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2009 House Bill 4441: Appropriations: 2009-2010 Higher Education budget

Public Act 132 of 2009

  1. Introduced by Rep. Joan Bauer (D) on February 24, 2009, the executive recommendation for the Fiscal Year (FY) 2009-2010 higher education budget. This would appropriate $1.719 billion in gross spending, compared to $1769 billion, which was the FY 2008-2009 amount enrolled in 2008. Of this, $1.545 billion will come from the general fund (funded by actual state tax revenues), $166.4 million is from "restricted funds," or earmarked state tax and fee revenue, and $7.4 million is federal revenue. The budget "pencils in" a 3 percent reduction in university operations grants, but there is an expectation that federal "stimulus" money will be used to keep this spending item contant. It also reduces by funding for the MSU Agricultural Experiment Station and Cooperative Extension Service by 50 percent.
    • Referred to the House Appropriations Committee on February 24, 2009.
      • Reported in the House on April 2, 2009, with the recommendation that the substitute (H-1) be adopted and that the bill then pass.
    • Substitute offered in the House on April 2, 2009, to adopt a version of this budget that expresses the fiscal and policy preferences of the House majority on various spending items and programs. Among other changes, this uses federal "stimulus" money to reverse a 3 percent university operations grant reduction proposed by the Executive budget, and also reverses a 50 percent reduction proposed by the Governor in funding for the MSU Agricultural Experiment Station and Cooperative Extension Service. The substitute passed by voice vote in the House on April 2, 2009.
    • Amendment offered by Rep. Robert Genetski (R) on April 2, 2009, to require universities to prepare and submit to the legislature a plan to cut the cost of operations by 5 percent in the 2010-2011 school year. Also, to require each university to post on on the internet a listing of all expenditures, with the purpose of each (a "check register"). The amendment failed by voice vote in the House on April 2, 2009.
    • Amendment offered by Rep. David Agema (R) on April 2, 2009, to ban universites from giving employee health insurance or other benefits to the unmarried partners of the employees. The amendment failed by voice vote in the House on April 2, 2009.
  2. Passed 89 to 21 in the House on April 2, 2009, the House version of the Fiscal Year (FY) 2009-2010 higher education budget. This would appropriate $1.826 billion in gross spending, compared to $1.769 billion, which was the FY 2008-2009 amount enrolled in 2008. Of this, $59.6 million is federal revenue. The House version uses federal "stimulus" money to reverse a 3 percent university operations grant reduction proposed by the Executive budget, and reverses a 50 percent cut proposed by the Governor in for the MSU Agricultural Experiment Station and Cooperative Extension Service.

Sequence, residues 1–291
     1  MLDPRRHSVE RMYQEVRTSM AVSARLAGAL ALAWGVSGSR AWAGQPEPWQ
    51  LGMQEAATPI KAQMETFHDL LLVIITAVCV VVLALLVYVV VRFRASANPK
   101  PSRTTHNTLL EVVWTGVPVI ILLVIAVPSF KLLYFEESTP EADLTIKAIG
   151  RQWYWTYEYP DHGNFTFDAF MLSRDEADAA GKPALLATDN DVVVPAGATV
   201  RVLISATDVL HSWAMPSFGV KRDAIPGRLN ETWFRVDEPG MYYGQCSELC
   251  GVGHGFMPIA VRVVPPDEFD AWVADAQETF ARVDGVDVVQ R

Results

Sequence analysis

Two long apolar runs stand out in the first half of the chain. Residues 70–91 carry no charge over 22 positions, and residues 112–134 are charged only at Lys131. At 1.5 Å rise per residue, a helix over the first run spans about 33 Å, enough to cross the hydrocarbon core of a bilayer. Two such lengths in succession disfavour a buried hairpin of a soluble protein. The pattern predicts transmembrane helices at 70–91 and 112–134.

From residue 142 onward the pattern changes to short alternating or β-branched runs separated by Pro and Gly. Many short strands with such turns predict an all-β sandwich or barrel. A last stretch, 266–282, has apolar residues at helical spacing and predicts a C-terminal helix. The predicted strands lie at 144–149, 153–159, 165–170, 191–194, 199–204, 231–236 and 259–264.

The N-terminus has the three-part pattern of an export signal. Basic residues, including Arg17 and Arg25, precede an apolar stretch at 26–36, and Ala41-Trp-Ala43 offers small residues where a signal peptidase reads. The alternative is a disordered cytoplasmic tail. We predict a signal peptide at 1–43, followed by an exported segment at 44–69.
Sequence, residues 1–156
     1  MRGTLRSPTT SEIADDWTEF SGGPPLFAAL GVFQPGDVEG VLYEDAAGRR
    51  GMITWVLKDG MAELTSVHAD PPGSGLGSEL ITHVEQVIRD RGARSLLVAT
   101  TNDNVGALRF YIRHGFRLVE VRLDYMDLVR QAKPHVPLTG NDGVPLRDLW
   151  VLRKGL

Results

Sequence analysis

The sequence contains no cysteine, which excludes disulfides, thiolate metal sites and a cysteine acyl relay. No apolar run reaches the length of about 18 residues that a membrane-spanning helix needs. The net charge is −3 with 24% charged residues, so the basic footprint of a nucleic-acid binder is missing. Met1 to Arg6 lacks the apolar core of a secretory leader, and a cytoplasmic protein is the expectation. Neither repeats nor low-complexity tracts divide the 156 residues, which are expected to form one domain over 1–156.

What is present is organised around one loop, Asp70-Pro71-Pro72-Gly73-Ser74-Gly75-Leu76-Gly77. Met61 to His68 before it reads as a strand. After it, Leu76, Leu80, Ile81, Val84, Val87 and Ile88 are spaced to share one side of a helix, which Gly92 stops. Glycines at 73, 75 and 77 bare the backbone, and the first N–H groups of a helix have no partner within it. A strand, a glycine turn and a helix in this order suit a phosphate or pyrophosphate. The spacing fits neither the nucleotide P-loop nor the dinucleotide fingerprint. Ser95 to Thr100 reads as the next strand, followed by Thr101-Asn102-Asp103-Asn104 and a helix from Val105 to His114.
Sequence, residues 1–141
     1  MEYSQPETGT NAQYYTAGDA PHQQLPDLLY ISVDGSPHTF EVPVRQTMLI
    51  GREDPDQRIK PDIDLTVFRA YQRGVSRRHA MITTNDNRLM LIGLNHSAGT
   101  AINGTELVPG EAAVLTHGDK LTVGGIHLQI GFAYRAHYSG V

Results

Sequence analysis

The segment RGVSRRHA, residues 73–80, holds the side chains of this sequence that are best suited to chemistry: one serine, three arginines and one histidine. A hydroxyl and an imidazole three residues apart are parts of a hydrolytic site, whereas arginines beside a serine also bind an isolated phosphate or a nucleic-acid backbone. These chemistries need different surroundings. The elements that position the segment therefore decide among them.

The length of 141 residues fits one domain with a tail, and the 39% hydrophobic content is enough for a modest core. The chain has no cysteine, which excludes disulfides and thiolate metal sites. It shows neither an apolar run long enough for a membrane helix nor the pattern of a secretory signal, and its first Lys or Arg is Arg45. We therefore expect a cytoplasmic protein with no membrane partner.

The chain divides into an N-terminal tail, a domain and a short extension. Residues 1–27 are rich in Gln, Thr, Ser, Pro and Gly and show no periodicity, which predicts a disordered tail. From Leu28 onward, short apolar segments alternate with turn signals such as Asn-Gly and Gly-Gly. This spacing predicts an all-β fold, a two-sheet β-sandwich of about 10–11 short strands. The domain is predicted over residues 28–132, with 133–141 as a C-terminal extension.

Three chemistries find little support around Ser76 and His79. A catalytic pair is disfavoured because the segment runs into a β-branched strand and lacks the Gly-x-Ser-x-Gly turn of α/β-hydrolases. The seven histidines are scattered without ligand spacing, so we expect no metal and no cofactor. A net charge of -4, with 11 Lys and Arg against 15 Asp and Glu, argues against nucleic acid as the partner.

Who Voted "Yes" and Who Voted "No"

  3. Received in the Senate on April 21, 2009.
    • Referred to the Senate Appropriations Committee on April 21, 2009.
      • Reported in the Senate on June 23, 2009, with the recommendation that the substitute (S-1) be adopted and that the bill then pass.
      • Substitute offered in the Senate on June 23, 2009, to adopt a version of this budget that expresses the fiscal and policy preferences of the Republican-majority in the Senate on various spending items and programs. For details see analysis from the non-partisan Senate Fiscal Agency. The substitute passed by voice vote in the Senate on June 23, 2009.
    • Amendment offered by Sen. Liz Brater (D) on June 23, 2009, to add $140 million to avoid eliminating the Michigan "promise grant" scholarships, formerly known as the "merit awards," which gives tobacco lawsuit settlement money to student who do well on state assessment tests. The amendment failed 16 to 20 in the Senate on June 23, 2009.
      Who Voted "Yes" and Who Voted "No"

    • Amendment offered by Sen. Deborah Cherry (D) on June 23, 2009, to add $169 million to avoid eliminating the Michigan "promise grant" scholarships and reducing other "need based" scholarships. The amendment failed 16 to 20 in the Senate on June 23, 2009.
      Who Voted "Yes" and Who Voted "No"

    • Amendment offered by Sen. John Gleason (D) on June 23, 2009, to add $1.9 million for nursing scholarships. The amendment failed 17 to 19 in the Senate on June 23, 2009.
      Who Voted "Yes" and Who Voted "No"

    • Amendment offered by Sen. Liz Brater (D) on June 23, 2009, to add $100 "placeholders" or "points of difference" between the House version in line items for various state scholarship programs, which leaves this items open to further negotiation in a House-Senate conference committee. The amendment passed by voice vote in the Senate on June 23, 2009.